The Financial Industry Regulatory Authority said in its annual 2019 Risk Monitoring and Examination Priorities Letter that online distribution platforms, fixed income mark-up disclosure, sales practice risks, the supervision of digital assets business, market risks and financial risks would be among the new topics emphasized during its risk monitoring and examinations of members this year. Among market risks to be considered are best execution, market manipulation, market access, short sales and short tenders, while financial risks that will be emphasized are credit risk, and funding and liquidity. FINRA also indicated that, in 2019, it will explore how member firms are using regulatory technology to enhance their compliance efforts. In its annual letter, FINRA indicated that the topics it plans to emphasize this year are topics “member firms should consider as they identify opportunities to improve their compliance, supervisory and risk management programs.”

In its annual report of examination priorities issued in late December 2018, the Securities and Exchange Commission’s Office of Compliance Inspections and Examinations said that digital assets, cybersecurity and anti-money laundering programs would be among its top focus during its 2019 reviews of registrants. (Click here for background in the article “Offer and Sale of Digital Assets and Cybersecurity Among the Focus of SEC OCIE 2019 Examination Priorities” in the January 6, 2019 edition of Bridging the Week.)

Compliance Weeds: In its 2019 Risk Monitoring and Examination Priorities Letter, FINRA also indicated it would, this year, continue to assess member firms’ controls regarding outside business activities and private securities transactions. 

Under FINRA rules, no registered person may be directly or indirectly employed in any other capacity in a business activity outside the scope of his or her relationship with his or her member firm unless he or she has given prior written notice to the member. (Click hereto access FINRA Rule 3270.) Additionally, a person associated with members must also provide advance written notice to his or her employer if he or she may engage in a securities transaction outside the regular course or scope of his or her employment, including new offerings of securities which are not registered with the SEC, subject to various exceptions and conditions. (Click here to access FINRA Rule 3280.)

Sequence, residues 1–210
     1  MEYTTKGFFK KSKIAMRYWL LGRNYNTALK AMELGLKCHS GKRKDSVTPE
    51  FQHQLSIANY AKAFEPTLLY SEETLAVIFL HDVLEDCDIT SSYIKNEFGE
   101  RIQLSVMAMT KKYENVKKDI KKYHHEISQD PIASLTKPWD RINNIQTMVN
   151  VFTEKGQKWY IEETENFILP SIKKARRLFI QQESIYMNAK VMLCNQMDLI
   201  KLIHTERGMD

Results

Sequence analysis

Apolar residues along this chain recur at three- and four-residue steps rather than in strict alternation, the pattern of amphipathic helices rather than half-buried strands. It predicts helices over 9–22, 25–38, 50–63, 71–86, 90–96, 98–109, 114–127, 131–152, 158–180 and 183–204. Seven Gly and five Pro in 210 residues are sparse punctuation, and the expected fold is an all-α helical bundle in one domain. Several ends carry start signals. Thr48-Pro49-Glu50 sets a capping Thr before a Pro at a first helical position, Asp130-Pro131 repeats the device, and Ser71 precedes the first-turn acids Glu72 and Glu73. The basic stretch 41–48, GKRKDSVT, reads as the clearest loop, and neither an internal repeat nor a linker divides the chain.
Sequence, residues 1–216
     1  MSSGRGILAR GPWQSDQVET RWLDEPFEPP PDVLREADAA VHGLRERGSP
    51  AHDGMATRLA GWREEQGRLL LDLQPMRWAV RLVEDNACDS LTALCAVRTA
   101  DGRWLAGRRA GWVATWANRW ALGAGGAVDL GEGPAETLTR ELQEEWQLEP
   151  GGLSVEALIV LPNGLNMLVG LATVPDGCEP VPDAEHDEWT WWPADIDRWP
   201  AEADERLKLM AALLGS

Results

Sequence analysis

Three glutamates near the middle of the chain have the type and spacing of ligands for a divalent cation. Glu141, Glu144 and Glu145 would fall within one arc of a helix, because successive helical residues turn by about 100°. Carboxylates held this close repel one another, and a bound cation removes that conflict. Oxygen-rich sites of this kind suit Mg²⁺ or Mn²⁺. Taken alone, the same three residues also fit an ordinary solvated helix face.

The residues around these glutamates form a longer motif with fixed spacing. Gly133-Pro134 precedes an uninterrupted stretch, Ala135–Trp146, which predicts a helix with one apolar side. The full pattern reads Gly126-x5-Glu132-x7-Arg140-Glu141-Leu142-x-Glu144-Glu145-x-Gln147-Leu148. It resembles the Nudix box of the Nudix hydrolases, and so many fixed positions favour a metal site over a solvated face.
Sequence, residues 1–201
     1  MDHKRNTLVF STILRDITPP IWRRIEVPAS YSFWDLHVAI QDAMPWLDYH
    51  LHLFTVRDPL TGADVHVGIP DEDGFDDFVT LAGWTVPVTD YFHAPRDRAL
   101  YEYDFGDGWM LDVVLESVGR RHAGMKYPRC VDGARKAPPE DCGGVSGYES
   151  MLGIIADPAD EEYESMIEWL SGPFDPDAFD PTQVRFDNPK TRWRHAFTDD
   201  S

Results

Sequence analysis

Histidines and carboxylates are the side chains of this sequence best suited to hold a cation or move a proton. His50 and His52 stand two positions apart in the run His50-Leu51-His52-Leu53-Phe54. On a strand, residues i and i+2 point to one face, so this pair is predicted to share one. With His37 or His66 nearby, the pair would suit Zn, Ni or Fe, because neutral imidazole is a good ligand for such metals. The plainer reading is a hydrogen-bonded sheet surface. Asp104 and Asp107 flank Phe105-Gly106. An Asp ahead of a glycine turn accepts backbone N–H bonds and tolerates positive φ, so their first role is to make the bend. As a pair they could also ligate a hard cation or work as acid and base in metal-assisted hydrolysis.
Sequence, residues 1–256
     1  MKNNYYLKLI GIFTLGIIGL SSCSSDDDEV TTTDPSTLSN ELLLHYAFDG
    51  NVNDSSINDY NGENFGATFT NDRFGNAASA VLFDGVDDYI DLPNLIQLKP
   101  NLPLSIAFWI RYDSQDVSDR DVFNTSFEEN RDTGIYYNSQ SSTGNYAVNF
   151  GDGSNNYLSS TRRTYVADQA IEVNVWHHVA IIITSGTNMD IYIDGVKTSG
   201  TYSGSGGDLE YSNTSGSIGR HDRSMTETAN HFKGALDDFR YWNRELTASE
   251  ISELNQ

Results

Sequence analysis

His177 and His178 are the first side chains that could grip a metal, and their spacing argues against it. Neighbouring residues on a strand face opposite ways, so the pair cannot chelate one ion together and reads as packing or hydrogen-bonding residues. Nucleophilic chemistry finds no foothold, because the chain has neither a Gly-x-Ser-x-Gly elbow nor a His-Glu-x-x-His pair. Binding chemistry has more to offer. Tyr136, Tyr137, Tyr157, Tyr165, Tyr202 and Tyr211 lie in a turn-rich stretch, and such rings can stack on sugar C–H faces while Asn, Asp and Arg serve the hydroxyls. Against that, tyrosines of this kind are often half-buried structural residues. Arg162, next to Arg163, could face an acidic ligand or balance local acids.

Last year, Arthur Meunier a/k/a Arthur Breitman agreed to be suspended for two years from association with any FINRA-regulated broker-dealer to settle FINRA charges that, from February 2014 to April 2016, he participated in the development of Tezos, a blockchain technology project, without notifying the broker-dealer he was then employed by of such activity, as required by FINRA rules. (Click here for background in the sub-article “FINRA Fines a Tezos Co-Founder” in the April 22, 2o18 edition of Bridging the Week.)

Also last year, FINRA commenced a disciplinary proceeding against Timothy Ayre for trying to attract investors to purchase shares in a worthless company he owned and served as president – Rocky Mountain Ayre, Inc. (“RMTM”) – by making material misstatements in public filings, and by unlawfully offering to the public digital assets – HempCoins – that he claimed were backed by RMTM common stock. FINRA also claimed that Mr. Ayre engaged in private securities transactions involving RMTM while employed by a broker-dealer without disclosing such transactions to his employer, in violation of the firm’s written supervisory procedures.

FINRA’s inclusion of an additional charge against Mr. Ayre for his engagement in private security transactions involving RMTM while employed by a broker-dealer that required disclosure of such transactions, as well as its earlier action against Mr. Ayre, coupled with the current FINRA Letter, are implicit warnings to member firms that it is best to ensure they have WSPs that track applicable FINRA rules regarding outside business activities and private securities transactions. Moreover, member firms should remind their associated persons that these requirements apply to relevant transactions involving security tokens as well as business activities involving all digital assets, in addition to traditional securities and business activities.